Sunday, December 28, 2008


As a little girl growing up in a family of four sisters and one brother, mom and dad always made Christmas special for us. Of course we all believed in Santa Claus and when we stopped believing, we never let on to mom and dad, I guess we wanted to keep Christmas special for them also.

I remember the dozens and dozens of cookies our mother made, chocolate chip, peanut butter, oatmeal raisin, and best of all sugar cookies cut out in various shapes topped with homemade butter cream icing in different colors. I remember dad going into the kitchen opening a tin and mom saying "Herb, get out of those cookies." Every afternoon during the holidays between 2:00 and 3:00, we would have a "tea party" consisting of cookies and eggnog. As a matter of fact, as adults we kept the tradition of the "tea party."

I remember waking up very early Christmas morning to find a nylon stocking tied to the bedpost filled with apples, oranges, nuts, and Christmas candy. We would rush downstairs with big smiles on our faces to see what Santa Claus brought us, we were never disappointed.

As adults, and some of us living in different states, going home for Christmas was a lot of fun. With our parents older, it was our turn to make Christmas special for them. I remember mom and dad telling my daughter and me that we made Christmas for them, because without fail, we went every year and stayed until New Year's. Little did they know they were still making Christmas special for us.

Our family enjoyed playing games at Christmas. Dad's favorite was Monopoly, and mom's was Scrabble. The all time favorite family game was Bingo. All during the year each of us would collect inexpensive gag gifts to wrap for the big game. The winner of each game would choose a gift from the laundry basket. In a paperbag, we had pieces of paper with instructions such as: take a gift from the person on your right, give a gift to the person on your left, etc., that we passed around, and each person had a chance to get a gift if you were lucky, or give up a gift. The hours of fun and laughter we had together playing Bingo will never be forgotten.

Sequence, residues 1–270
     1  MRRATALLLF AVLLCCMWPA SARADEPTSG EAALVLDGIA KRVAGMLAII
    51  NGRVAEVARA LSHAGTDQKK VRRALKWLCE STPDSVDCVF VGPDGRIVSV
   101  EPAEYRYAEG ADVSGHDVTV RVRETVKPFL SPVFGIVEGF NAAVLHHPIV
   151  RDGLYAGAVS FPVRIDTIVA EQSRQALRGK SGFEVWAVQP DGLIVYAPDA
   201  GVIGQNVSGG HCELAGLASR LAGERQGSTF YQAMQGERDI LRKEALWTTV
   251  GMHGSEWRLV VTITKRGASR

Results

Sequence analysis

Unfortunately this is our second Christmas without dad, and our first Christmas without mom. Even though they are no longer with us, they left each of us with special Christmas memories of our time together. Now it is our turn to take the reins and continue to make Christmas memories together. Merry Christmas Mom and Dad.

Friday, December 12, 2008


Ballroom dance refers collectively to a set of partner dances, which originated in Germany and are now enjoyed both socially and competitively around the globe. Its performance and entertainment aspects are also widely enjoyed on stage, in film, and on television. In times past, ballroom dancing was “social dancing” for the privileged, leaving “folk dancing” for the lower classes. Many “ballroom” dances were really elevated folk dances. In spite of its historical image as a pastime for the privileged; formal competitions, sometimes referred to as DanceSport, often allow participation by less advanced dancers at various proficiency levels. Ballroom dance competitions take place worldwide at different levels. Ballroom dancing isn’t mainly enjoyed by only adults but it is taught to youngsters at an early age of 10-11 in the 5th grade in some US states. Not only are they taught, but they participate in city wide competitions. They are taught dances randomized from tango, rumba, swing (jitterbug), foxtrot and the merengue as a celebration to their senior year in elementary school. This competition is called “colors of the rainbow.”